Digital video: renting vs buying, and why Apple is best for buying

With news that iTunes’ share of video sales and rentals are falling against competitors such as Amazon (Prime) Video and other services, I’d like to take a moment to reflect on why iTunes is the better platform for buying movies digitally, despite my brain screaming at me, “Look what happened to the digital BBC Store.”

iTunes offers iTunes Extras of which an increasing number of titles are including the same features as physical media.  Audio commentaries are regularly included, for example.  No other service offers this.

iTunes has one of the best device allowances of any service – and this includes the ability to download the content to a Mac, Windows PC, iPad and/or iPhone.

The UI of iTunes is much better than that of the competitors.  The Apple TV, not so much, but still considerably better than most.  Therefore it’s easier to manage existing titles.  And in all the years I’ve been buying movies from iTunes, I’ve never lost a single title due to film studios deciding to withdraw from the platform.  This could change, of course, but I’m sure if that happened, consumers would be lining up to lynch whoever decided it was a good idea to do so.

In terms of renting, Amazon (Prime) Video very narrowly outshines iTunes. There’s almost always a promotion which allows me to pay far less for renting an HD title via Amazon (Prime) Video than iTunes.  For example, I’ve just rented Hidden Figures (*superb* film) and T2: Trainspotting (also very good) – both in HD – £2.49 for both titles.  Amazon Video is baked into my LG television, making it very easy to access.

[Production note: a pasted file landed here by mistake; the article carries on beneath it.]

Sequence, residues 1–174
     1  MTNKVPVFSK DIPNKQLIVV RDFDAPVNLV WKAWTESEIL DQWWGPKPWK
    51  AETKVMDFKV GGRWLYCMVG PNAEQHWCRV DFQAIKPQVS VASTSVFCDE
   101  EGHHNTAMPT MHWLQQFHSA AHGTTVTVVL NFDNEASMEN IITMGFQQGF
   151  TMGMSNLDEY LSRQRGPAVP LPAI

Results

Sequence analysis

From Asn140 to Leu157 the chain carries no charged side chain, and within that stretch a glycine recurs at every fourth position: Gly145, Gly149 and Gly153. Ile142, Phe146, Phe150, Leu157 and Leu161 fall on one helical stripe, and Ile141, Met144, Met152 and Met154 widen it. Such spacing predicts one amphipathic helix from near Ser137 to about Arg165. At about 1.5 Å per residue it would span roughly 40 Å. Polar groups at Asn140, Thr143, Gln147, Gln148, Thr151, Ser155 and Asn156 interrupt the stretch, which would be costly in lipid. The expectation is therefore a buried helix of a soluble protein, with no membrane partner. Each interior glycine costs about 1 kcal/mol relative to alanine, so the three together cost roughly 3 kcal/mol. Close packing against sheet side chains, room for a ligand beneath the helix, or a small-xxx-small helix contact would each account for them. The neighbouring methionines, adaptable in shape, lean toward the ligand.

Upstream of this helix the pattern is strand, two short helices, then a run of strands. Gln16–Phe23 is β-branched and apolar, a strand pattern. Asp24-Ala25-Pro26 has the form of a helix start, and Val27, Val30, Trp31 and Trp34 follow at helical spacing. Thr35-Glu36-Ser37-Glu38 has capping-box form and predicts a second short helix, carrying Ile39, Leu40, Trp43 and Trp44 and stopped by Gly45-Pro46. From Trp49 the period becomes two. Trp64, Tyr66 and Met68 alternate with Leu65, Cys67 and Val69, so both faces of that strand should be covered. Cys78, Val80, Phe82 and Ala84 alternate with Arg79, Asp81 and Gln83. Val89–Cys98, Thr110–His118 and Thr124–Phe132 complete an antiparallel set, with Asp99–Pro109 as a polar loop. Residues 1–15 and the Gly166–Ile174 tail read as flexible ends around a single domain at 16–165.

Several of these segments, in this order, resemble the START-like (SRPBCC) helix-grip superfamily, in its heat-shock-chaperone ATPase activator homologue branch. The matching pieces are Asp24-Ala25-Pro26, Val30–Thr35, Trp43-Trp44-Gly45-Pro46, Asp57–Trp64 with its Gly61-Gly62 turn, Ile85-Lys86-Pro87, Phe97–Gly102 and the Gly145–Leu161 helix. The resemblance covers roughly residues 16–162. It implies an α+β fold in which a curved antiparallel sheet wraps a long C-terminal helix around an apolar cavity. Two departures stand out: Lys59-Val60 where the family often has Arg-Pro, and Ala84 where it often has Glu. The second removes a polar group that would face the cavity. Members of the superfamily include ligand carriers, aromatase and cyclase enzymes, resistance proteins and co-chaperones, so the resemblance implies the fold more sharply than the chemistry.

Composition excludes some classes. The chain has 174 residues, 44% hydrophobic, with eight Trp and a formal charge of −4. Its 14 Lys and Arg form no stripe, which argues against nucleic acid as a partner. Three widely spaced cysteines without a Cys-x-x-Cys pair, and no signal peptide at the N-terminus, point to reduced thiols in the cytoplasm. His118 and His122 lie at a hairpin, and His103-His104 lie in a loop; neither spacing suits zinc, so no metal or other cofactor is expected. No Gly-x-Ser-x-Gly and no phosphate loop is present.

Don’t get me started on the UltraViolet digital platform.  It’s a completely useless pile of sputum devised by the film studios to make them look kind and generous by providing a non-physical digital copy of a film.  The truth is that it’s a massive pain in the arse to manage and I don’t bother with it anymore.   TalkTalk’s app (TalkTalk having bought Blinkbox which in turn is an UltraViolet partner) for LG televisions is awful.  I accept that one has to log in again occasionally, but the process is just stupid.  Look at what Google is doing for logging in to YouTube – much, much easier for televisions.  Entering a password via a remote control is the epitome of piss-poor user interface design.  But TalkTalk isn’t the only one guilty of this crime (NOW TV, Amazon, and even Netflix are guilty – but their TV apps allow for significantly long log in times).

BTW, I also hate the Amazon Prime Video UI too – it makes discovery difficult and it seems so random that I rarely watch anything on the service other than the really big TV productions.  I watched the German comedy, Toni Erdmann the other day (very, very funny – especially the nude party scene), but I had to manually enable the subtitles (found under CC for closed captioning – usually referencing subtitles for the hard of hearing – in my case, hard of not knowing enough German to understand the film without English subtitles).

The only other service I’ve purchased films from is Google Play.  I can watch the films on a tablet, my phone and even my TV through the YouTube app.  But those titles are generally either freebies or were heavily discounted.

Otherwise, I’ll be sticking with iTunes for future film purchases.  The next one, in fact, will probably be Hidden Figures because it was just such a great film, and there’s an audio commentary included in iTunes Extras which should give the film even more value.

Harry Potter turns 20.. I reflect on my experiences on the movies..

There isn’t much to tell, to be honest.